January 26, 2024
Activated alumina is a porous, solid form of alumina, also known as Al₂O₃. It is also the mineral that makes up the precious rubies and sapphires, the impurities of which are the source of the stones' brilliant color. After activated alumina has been heated to expel existing water, the material's high surface area and many pores allow water and other molecules to be absorbed by adsorption.
The porous spherical form is the most obvious feature of activated alumina, and these spheres are actually "tunnel-like" on a microscopic level, which makes them easy to use for many different tasks. For example, they can be used to dry gases, as the drying of gases is often essential for the safe transport of volatile gases. Gases such as propane must be dried before use to prevent equipment from corroding and causing dangerous leaks.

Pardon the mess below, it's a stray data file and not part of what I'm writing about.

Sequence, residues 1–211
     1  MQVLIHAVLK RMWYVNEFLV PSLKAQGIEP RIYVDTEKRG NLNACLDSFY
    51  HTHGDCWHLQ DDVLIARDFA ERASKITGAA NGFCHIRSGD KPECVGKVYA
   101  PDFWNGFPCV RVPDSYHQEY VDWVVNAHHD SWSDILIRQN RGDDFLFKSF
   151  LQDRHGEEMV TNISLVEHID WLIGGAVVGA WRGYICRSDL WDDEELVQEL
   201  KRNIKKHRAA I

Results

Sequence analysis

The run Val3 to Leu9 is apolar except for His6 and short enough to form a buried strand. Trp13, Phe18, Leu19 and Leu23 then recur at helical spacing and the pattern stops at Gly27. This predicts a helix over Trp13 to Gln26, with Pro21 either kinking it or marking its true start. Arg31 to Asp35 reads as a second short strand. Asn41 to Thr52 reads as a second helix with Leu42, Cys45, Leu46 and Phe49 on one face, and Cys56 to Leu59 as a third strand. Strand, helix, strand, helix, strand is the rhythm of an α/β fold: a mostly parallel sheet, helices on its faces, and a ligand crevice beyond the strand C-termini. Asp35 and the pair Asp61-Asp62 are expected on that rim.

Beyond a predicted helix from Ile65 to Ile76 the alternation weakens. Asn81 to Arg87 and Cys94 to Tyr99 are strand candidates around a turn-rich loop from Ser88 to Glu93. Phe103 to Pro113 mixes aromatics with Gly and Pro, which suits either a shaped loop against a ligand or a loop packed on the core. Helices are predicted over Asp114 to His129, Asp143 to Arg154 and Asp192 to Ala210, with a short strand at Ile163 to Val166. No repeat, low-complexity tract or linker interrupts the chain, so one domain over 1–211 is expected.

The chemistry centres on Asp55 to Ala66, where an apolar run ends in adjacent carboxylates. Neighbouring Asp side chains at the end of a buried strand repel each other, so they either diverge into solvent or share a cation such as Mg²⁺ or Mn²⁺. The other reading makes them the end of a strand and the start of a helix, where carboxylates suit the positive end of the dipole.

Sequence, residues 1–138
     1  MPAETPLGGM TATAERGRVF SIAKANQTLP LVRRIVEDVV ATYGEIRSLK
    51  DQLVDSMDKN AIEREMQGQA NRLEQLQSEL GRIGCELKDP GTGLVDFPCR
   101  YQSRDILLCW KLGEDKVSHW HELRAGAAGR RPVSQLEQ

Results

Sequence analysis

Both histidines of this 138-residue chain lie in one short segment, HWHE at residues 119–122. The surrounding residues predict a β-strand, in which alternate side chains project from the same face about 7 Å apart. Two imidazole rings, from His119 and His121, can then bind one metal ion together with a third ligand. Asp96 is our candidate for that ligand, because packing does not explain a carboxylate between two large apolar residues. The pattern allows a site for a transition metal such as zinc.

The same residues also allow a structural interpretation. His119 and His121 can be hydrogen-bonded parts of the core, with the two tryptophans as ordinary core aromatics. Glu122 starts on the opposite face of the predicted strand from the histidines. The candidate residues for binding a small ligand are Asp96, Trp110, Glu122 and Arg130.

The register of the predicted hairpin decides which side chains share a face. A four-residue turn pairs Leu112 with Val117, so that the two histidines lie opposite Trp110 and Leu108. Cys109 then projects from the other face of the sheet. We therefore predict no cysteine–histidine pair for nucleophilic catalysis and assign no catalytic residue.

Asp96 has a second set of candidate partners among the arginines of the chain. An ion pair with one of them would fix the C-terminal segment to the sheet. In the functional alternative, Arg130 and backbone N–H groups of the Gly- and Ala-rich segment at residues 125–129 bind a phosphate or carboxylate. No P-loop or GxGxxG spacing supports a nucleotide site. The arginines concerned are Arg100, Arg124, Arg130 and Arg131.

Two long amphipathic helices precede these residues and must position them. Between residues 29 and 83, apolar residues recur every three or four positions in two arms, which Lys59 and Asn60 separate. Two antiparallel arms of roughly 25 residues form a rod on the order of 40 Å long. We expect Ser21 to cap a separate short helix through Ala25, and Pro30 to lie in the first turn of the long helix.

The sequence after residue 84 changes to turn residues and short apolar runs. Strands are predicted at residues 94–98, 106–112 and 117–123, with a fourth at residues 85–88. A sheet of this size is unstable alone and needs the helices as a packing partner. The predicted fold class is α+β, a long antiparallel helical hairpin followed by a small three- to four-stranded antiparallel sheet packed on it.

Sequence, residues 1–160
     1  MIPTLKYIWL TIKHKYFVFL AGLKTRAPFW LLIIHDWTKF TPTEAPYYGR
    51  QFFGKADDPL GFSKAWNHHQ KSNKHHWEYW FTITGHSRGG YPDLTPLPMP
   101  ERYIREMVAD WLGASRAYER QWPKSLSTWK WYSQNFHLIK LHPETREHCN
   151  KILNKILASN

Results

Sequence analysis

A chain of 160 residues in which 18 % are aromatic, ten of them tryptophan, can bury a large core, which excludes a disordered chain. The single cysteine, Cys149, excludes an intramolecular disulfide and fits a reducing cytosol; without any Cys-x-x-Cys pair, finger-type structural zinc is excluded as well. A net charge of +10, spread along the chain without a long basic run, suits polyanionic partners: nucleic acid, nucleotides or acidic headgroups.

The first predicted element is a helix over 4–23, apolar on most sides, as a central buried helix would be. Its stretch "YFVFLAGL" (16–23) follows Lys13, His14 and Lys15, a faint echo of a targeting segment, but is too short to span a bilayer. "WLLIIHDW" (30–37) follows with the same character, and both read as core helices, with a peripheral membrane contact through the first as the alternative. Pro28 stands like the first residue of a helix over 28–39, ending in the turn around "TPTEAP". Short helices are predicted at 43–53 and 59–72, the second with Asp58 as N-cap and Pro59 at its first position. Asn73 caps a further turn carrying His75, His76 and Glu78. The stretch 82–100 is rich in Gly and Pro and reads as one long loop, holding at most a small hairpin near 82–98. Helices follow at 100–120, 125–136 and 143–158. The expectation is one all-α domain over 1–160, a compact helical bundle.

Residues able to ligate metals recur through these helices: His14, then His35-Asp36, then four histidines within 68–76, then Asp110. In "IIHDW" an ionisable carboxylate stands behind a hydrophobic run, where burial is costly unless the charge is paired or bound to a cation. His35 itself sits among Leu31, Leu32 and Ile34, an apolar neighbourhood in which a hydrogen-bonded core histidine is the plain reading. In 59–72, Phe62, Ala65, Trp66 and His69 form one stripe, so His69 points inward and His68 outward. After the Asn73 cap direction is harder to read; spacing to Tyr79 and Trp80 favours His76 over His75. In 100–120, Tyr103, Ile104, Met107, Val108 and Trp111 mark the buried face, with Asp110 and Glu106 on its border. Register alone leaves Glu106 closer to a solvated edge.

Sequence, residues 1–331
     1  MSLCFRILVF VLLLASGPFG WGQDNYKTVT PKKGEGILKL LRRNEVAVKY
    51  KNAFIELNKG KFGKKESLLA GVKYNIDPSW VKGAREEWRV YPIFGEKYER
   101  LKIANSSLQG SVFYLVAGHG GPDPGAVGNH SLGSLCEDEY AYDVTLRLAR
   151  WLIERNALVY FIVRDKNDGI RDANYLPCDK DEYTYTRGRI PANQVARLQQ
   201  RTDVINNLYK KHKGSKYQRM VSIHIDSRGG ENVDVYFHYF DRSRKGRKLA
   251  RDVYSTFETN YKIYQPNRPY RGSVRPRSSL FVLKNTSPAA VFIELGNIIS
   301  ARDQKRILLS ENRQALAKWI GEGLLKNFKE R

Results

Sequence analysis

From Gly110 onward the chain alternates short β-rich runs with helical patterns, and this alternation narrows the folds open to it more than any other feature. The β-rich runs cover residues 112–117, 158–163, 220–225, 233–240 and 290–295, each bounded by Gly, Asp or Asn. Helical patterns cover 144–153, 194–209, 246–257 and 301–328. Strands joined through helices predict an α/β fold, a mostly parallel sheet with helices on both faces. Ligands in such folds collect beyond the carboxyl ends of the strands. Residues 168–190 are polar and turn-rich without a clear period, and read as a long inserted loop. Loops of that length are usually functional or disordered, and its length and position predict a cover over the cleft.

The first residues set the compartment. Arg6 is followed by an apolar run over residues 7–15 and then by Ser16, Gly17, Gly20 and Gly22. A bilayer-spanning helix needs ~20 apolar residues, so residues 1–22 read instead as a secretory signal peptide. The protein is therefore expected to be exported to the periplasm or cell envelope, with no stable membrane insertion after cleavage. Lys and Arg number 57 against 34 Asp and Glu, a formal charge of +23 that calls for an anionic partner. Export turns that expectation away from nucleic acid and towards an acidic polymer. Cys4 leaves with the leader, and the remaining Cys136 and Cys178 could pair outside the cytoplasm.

Another important characteristic of activated alumina is that it is very stable. It will combine with other substances without changing its chemistry or form. And, because it is porous, its surface area is much greater than its weight, allowing it to adsorb large amounts of things.
Activated alumina is also adsorptive, as the chemical is drawn into the pores of the activated alumina spheres it binds to the solid material. Once inside, it will not come out without considerable heating.